“Perhaps if one knows Lev Grossman they will understand the clever joke behind it all, but your reader shouldn’t have to know you in order to understand your intent.”
It has been pointed out that these critiques may suggest that I don’t understand what Lev Grossman was doing with The Magicians—that is, writing a “subversive” adult version of children’s high fantasy, in which the terrible realities of our world aren’t hidden, but rather that the “reality” of having magic and the world being magical, would actually not be so full of wonder and awe as it is in Narnia and Harry Potter.
Trust me, I understand. Grossman goes out of his way to hammer you over the head with how depressing and sad he thinks the world actually is. But let me be clear—simply because he was attempting to be subversive in fantasy, does not mean he succeeded. The main character being depressed and the reality of his dreams always being disappointing is not subversion—it’s a misunderstanding of the genre and it’s boring.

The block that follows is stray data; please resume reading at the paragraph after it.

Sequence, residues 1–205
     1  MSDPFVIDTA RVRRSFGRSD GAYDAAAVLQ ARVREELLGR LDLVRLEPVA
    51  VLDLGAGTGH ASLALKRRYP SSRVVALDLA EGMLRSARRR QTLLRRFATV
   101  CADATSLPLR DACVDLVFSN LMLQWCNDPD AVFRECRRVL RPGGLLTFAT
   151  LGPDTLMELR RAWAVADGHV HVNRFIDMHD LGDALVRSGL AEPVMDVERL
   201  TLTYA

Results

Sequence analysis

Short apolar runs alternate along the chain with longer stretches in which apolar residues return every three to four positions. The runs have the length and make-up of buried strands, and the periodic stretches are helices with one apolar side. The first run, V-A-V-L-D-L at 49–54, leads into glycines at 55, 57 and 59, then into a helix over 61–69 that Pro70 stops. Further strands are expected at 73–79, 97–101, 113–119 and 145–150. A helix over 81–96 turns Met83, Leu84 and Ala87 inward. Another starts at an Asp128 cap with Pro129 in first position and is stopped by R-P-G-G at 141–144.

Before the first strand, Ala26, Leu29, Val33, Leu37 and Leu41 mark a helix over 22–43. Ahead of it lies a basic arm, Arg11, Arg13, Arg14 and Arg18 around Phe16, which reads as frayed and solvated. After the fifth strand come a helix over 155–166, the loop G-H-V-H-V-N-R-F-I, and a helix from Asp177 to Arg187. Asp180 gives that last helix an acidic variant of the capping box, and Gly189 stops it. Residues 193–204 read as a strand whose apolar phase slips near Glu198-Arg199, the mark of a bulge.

First, to be subversive in…
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